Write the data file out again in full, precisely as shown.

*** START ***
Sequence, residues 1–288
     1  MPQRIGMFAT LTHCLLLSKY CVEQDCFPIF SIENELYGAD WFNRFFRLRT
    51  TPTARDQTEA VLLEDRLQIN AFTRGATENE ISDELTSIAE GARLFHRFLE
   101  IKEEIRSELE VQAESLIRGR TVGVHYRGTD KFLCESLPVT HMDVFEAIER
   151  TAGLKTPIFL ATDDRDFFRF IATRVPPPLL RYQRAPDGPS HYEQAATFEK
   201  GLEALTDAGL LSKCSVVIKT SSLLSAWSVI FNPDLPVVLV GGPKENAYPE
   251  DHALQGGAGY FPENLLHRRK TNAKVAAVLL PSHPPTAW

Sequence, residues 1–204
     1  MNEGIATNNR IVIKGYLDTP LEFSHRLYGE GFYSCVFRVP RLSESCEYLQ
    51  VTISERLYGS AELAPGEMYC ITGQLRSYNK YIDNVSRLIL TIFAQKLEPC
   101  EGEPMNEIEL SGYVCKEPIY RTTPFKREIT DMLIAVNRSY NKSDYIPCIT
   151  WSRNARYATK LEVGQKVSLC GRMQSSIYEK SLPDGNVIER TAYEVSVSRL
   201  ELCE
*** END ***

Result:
Sequence, residues 1–288
     1  MPQRIGMFAT LTHCLLLSKY CVEQDCFPIF SIENELYGAD WFNRFFRLRT
    51  TPTARDQTEA VLLEDRLQIN AFTRGATENE ISDELTSIAE GARLFHRFLE
   101  IKEEIRSELE VQAESLIRGR TVGVHYRGTD KFLCESLPVT HMDVFEAIER
   151  TAGLKTPIFL ATDDRDFFRF IATRVPPPLL RYQRAPDGPS HYEQAATFEK
   201  GLEALTDAGL LSKCSVVIKT SSLLSAWSVI FNPDLPVVLV GGPKENAYPE
   251  DHALQGGAGY FPENLLHRRK TNAKVAAVLL PSHPPTAW

Sequence, residues 1–204
     1  MNEGIATNNR IVIKGYLDTP LEFSHRLYGE GFYSCVFRVP RLSESCEYLQ
    51  VTISERLYGS AELAPGEMYC ITGQLRSYNK YIDNVSRLIL TIFAQKLEPC
   101  EGEPMNEIEL SGYVCKEPIY RTTPFKREIT DMLIAVNRSY NKSDYIPCIT
   151  WSRNARYATK LEVGQKVSLC GRMQSSIYEK SLPDGNVIER TAYEVSVSRL
   201  ELCE